Quite an odd method really.

Example in use:
GenericEqualityComparer.TypeHandle.
CreateInstanceForAnotherGenericParameter(typeof(T));

This lets you make a GenericEqualityComparer<T> instance.

First thought is why wouldn’t you write
new GenericEqualityComparer<T>()
?

As it turns out its because GenericEqualityComparer has a restriction which says T : IEquatable and the current generic type calling this code has no restriction on T.

So this method is really useful. It allows you to write a set of if statements checking what T implements and then defer processing to appropriate special case generics.

Unfortunately the above method is internal, so you would have to do the equivelent with a bunch of reflection, probably a bit slower too.

I am thinking that we should petition Microsoft to provide a language construct which is syntactic sugar for this method.

var v = new GenericEqualityComparer<T>() : where T is IEquatable;
Could throw an InvalidOperationException if you haven’t guarded for the case where T is not IEquatable;

In other news 0.0.2.0 of TMD.Algo should be out soon, I have a dequeue, a couple more sorts (really basic ones) and an alternative Heap which supports O(1) Contains, and O(log n) Remove at the expense of some extra book keeping. Useful for implementing Prim’s algorithm as the key reduction step can be done in O (log n) (as needed) by simply removing the entry and adding the new one after changing the key.

Google Code Jam 08

So, its been a couple of years since I last entered the google code jam. Back in 05 I came ~120th, and after a few cancelations it almost looked like I was going to go to the finals.

This year however the google code jam has been run in a dramatically different format. No longer powered by top coder, everyone runs their code on their own machines. This lets google’s site scale alot better, although it does add to the overhead of cheat detection.

Also new this year are regional finals. The top 500 competing at a ‘nearby’ google office before the real finals in the US.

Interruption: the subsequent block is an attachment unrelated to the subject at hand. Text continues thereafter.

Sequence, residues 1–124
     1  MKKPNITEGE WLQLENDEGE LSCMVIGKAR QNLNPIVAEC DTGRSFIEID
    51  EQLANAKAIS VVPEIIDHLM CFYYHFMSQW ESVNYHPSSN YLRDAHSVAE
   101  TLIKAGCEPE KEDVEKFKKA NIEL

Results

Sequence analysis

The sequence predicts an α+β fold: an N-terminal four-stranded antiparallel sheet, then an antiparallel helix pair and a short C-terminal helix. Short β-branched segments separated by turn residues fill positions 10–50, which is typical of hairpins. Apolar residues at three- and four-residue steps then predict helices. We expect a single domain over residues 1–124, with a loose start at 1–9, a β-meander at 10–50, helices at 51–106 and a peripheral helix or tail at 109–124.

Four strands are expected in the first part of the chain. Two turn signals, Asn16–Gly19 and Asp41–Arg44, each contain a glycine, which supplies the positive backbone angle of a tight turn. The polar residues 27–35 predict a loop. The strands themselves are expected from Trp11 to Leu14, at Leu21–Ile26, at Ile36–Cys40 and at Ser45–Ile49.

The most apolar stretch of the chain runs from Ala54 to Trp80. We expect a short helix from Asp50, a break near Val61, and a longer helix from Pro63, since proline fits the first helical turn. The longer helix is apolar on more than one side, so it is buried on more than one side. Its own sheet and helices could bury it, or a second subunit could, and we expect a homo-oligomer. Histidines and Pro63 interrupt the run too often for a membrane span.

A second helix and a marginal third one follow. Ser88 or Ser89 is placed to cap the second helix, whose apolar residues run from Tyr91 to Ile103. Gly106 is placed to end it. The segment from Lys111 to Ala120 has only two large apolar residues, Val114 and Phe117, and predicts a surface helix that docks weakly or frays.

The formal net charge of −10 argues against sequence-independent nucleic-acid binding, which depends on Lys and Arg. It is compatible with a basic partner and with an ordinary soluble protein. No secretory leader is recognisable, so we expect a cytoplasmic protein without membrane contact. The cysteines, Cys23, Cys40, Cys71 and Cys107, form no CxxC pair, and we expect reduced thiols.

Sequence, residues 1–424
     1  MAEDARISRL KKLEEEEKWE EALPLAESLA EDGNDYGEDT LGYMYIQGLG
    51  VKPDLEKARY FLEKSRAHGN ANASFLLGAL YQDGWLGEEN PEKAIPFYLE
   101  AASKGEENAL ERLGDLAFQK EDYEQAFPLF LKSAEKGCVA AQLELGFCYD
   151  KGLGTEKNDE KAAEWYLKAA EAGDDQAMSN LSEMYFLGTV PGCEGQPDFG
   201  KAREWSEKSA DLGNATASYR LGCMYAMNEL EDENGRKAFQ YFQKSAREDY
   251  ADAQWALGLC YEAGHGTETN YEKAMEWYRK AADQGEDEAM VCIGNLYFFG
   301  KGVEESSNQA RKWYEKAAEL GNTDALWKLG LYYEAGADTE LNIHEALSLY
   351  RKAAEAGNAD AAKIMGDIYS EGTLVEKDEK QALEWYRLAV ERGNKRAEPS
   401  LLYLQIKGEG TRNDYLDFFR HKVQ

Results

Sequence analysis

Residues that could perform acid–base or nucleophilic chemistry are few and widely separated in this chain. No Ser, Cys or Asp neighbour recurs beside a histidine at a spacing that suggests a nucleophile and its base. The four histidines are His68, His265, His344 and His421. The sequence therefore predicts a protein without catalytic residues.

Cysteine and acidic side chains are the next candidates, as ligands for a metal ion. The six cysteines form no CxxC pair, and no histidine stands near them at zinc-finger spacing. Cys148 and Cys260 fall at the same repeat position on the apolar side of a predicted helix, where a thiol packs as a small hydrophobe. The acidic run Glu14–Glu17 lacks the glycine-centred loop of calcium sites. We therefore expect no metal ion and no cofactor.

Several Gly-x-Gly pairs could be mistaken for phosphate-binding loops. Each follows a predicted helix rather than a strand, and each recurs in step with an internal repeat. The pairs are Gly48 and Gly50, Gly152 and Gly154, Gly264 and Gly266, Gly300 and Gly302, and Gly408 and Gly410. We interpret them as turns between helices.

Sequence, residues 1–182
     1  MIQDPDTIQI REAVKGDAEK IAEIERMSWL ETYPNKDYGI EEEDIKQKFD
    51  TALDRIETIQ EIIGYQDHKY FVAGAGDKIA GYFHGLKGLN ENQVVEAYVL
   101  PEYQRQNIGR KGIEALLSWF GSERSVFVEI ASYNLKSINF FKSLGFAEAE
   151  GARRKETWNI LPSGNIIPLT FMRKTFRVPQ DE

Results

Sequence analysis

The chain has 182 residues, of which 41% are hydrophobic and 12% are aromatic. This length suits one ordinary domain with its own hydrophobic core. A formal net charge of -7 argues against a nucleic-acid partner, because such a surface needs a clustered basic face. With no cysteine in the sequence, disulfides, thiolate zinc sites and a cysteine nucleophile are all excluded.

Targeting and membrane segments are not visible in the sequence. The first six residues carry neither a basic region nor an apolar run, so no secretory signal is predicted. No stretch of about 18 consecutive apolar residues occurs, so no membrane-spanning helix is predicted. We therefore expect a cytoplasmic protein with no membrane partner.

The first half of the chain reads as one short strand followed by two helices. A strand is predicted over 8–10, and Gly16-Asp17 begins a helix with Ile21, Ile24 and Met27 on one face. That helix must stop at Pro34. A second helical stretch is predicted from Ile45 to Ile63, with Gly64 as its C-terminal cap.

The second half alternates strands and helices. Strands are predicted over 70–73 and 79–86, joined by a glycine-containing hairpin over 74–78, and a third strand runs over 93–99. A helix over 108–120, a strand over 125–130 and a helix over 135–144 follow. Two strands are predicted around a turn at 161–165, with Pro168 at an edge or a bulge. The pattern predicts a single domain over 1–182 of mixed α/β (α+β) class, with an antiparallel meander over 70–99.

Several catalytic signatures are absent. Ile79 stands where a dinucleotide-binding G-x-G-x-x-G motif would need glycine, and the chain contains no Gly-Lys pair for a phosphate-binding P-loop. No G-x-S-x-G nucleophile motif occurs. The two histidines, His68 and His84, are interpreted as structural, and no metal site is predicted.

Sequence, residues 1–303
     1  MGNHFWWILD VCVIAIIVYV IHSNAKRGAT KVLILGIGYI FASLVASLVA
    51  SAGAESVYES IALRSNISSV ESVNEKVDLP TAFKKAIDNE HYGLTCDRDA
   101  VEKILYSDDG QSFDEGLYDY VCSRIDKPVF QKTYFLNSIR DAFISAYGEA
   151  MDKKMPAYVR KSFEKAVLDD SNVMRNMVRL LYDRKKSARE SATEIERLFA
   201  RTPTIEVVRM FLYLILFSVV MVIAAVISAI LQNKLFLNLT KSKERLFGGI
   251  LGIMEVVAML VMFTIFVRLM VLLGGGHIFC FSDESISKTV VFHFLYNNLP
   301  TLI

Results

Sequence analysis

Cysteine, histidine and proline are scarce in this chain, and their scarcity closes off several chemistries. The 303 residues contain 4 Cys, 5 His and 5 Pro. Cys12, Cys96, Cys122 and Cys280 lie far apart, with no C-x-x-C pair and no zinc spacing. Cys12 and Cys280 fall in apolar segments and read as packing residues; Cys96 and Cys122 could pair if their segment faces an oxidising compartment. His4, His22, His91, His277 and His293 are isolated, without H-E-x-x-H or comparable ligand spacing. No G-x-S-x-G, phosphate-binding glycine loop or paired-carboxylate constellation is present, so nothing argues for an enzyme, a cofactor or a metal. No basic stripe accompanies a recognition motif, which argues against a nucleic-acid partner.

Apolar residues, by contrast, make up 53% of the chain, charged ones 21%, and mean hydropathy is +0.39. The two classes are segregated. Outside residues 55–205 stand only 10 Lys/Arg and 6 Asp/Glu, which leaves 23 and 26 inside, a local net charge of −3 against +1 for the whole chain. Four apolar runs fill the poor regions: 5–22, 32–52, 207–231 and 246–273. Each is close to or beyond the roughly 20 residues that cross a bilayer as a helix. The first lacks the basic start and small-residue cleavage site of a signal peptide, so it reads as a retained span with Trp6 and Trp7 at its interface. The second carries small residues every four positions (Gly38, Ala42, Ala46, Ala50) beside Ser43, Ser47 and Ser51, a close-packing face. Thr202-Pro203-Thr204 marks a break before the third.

So in a couple of weeks I will be at Google Sydney competing to be in the top 20% in APAC, so I can go to the US. I am unsure if this will be tougher then top 100 world wide, but at least the competition won’t be at 2am like the last two rounds before it. Still, there are alot of tough competitors in the APAC region.

I do have an incentive though, a friend of mine recently had his internet company bought by Google and he is working for YouTube now. He has offered a game of frisbee golf if I make it over there.

They offer job interviews to a subset of the people going. I was offered one but I turned it down. Several people have already commented that I am crazy for doing so. Maybe I am crazy because I personally can’t think what I would do at Google.

Finally however, GCJ 08 terms and conditions allow for the downloading of publically available libraries to assist in the writing of solutions during the competition. Specifically any library used must be available to all other contestants as well.

I have started work on such a library tailor made for algorithm competitions, and over the next couple of weeks intend to release it under a BSD or equivelent license via this website. The library will be for .Net and I am going to target .Net 3.5 as VS2008 is available at the competition.

For starters, any data structure in CLR’s Introduction To Algorithms, which is not in the .Net base libraries, I intend to implement. Additionally any specific algorithm which can be generalized from this book I also intend to provide. I am going to see if extension methods can be applied to delegates, because I think that would be a nice way to write ternary/binary searches for minimum/thresholds.

I currently have an implementation of IList which is backed by a red-black tree for log(n) indexed inserts. I also have another one which tracks the sum of all elements of the list prior to the current one efficiently (Specifically, it is actually generalized based on delegates for ‘addition’ and ‘subtraction’, so as long as the operator in question can be ‘undone’ it can be any accumulating operation).

If I have time, I am going to investigate implementing ‘flattened’ versions of these data structures, which store indexes into an array of nodes and maintain a free list, rather than allocating the nodes directly on the heap and using pointers. This technique usually results in a performance improvement, especialy in a garbage collected runtime. Additionally, if the array is expanded using the standard List expansion logic, the amortized additional costs on inserts are O(1). There is a memory penalty, although on a 64bit OS, with a limitation of 2^32 nodes in the collection, the memory penalty is significantly lower due to using ints instead of 64bit pointers. I am interested to see how a flattened linked list compares to the .Net runtimes built-in linked list.